This approach, the team says, will not only be helpful for imaging the brain at the μCT resolution, but also for informing MRI and EM imaging.

“Imaging a 1-millimeter cube of the brain with EM, which is the equivalent to about the minimum resolution of an MRI image, produces almost a million gigabytes of data,” Kasthuri said. “And that’s just looking at a 1-millimeter cube! I don’t know what’s happening in the next cube, or the next, so I don’t really have context for what I’m seeing with EM. MRI can provide some context except that scale is too big to bridge. Now this μCT gives us that needed context for our EM work.”

On the other end of the scale, Foxley is excited about how this approach can be helpful for understanding the living brain through MRI. “This technique gives us a really clear way to identify changes in the microstructure of the brain when there is a disease or injury present,” he said. “So now we can start looking for biomarkers with the μCT that we can then trace back to what we see on the MRI in the living brain. The APS x-rays lets us look at things on the cellular level, so then we can ask, what changed at the cellular level that produced a global change in the MRI signal on a macroscopic level?” 

The researchers are already using this technique to begin exploring important questions in neuroscience, looking at the brains of mice that have been genetically engineered to develop Alzheimer’s disease to see if they can trace the Ab plaques seen with μCT back to measurable changes in MRI scans, especially in early stages of the disease.

Importantly, because this work was done at the national laboratory, this resource will be open and freely accessible to other scientists around the world, making it possible for researchers to begin asking and answering questions that span the whole brain and reach down to the synaptic level.

At the moment, however, the UChicago team is most interested in continuing to refine the technique. “The next step is to do an entire primate brain,” said Kasthuri. “The mouse brain is possible, and useful for pathological models. But what I really want to do is get an entire primate brain imaged down to the level of every neuron and every synaptic connection. And once we do that, I want to do an entire human brain.”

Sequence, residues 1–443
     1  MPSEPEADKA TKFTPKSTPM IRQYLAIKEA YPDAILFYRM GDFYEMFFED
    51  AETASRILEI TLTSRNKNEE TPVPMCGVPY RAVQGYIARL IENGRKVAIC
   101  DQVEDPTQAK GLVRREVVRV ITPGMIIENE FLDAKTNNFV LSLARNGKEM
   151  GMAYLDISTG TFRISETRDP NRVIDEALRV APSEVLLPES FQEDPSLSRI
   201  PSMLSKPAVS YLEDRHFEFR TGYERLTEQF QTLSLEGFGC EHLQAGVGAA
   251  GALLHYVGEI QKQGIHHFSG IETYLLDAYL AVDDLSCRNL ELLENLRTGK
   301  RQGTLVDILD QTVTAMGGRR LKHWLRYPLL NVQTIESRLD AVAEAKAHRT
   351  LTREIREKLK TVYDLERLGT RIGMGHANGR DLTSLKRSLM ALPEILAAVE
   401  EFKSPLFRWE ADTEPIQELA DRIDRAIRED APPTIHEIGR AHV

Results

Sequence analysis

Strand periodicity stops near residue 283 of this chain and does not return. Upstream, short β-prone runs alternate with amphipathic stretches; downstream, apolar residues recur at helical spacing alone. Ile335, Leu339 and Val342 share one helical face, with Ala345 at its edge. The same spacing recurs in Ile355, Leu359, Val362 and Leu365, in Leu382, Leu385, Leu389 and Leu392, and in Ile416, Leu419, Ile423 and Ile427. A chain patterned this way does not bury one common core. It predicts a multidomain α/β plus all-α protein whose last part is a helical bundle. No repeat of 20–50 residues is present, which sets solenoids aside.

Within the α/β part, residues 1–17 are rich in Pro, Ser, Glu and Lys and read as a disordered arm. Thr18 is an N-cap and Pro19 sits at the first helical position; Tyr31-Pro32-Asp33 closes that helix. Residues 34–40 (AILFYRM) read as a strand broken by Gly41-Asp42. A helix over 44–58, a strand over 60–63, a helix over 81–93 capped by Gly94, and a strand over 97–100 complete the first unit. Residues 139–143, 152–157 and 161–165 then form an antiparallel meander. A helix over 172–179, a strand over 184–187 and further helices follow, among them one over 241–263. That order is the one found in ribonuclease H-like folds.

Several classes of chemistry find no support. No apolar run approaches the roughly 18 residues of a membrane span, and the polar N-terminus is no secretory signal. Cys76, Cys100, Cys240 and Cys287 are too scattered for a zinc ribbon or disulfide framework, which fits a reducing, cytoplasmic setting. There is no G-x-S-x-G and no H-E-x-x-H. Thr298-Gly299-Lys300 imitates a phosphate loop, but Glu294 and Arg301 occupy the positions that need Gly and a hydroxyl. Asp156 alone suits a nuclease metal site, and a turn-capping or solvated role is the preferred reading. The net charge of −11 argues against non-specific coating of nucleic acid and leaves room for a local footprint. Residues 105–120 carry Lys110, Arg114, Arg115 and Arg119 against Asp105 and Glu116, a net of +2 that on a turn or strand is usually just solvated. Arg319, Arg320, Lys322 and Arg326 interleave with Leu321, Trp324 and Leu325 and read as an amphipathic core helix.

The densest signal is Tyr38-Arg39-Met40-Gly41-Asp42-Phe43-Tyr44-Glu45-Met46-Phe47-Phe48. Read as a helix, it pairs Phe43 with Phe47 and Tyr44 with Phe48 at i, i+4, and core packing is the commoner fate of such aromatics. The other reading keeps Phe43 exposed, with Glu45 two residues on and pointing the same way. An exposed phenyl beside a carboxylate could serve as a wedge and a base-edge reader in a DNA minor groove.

See:  Sean Foxley1∗, Vandana Sampathkumar1, Vincent De Andrade2 , Scott Trinkle1, Anastasia Sorokina1, Katrina Norwood1, Patrick La Riviere1, and Narayanan Kasthuri1, “Multi-modal imaging of a single mouse brain over five orders of magnitude of resolution,” NeuroImage 2348, 118250 (September 2021). DOI: 10.1016/j.neuroimage.2021.118250

Author affiliations: 1The University of Chicago, 2Argonne National Laboratory

Correspondence: *

N.K. and V.S. are supported from a Technical Innovation Award from the McKnight foundation, a Brain Initiative of the National Institutes of Health (NIH) (U01 MH109100 ), and National Science Foundation Neuro Nex grant. P.LR. is partially supported by the NIH (R01EB026300 ). S.T. is supported by the National Institute of Neurological Disorders and Stroke of NIH (F31NS113571 ). Partial funding for this work was provided by the NIH S10 Award OD025081-01, and by the previous awards NIH S10 RR021039 and P30 CA14599. Additional funding supporting this work was provided by the NIH (S10-OD025081 , S10- RR021039 , and P30-CA14599 ). This research also used resources of the Argonne Leadership Computing Facility, which is a U.S. Department of Energy (DOE) Office of Science User Facility supported under Contract DE-AC02-06CH11357, and of the Advanced Photon Source, a U.S. DOE Office of Science User Facility operated for the DOE Office of Science by Argonne National Laboratory under Contract No. DE-AC02-06CH11357.

The U.S. Department of Energy's APS is one of the world’s most productive x-ray light source facilities. Each year, the APS provides high-brightness x-ray beams to a diverse community of more than 5,000 researchers in materials science, chemistry, condensed matter physics, the life and environmental sciences, and applied research. Researchers using the APS produce over 2,000 publications each year detailing impactful discoveries, and solve more vital biological protein structures than users of any other x-ray light source research facility. APS x-rays are ideally suited for explorations of materials and biological structures; elemental distribution; chemical, magnetic, electronic states; and a wide range of technologically important engineering systems from batteries to fuel injector sprays, all of which are the foundations of our nation’s economic, technological, and physical well-being.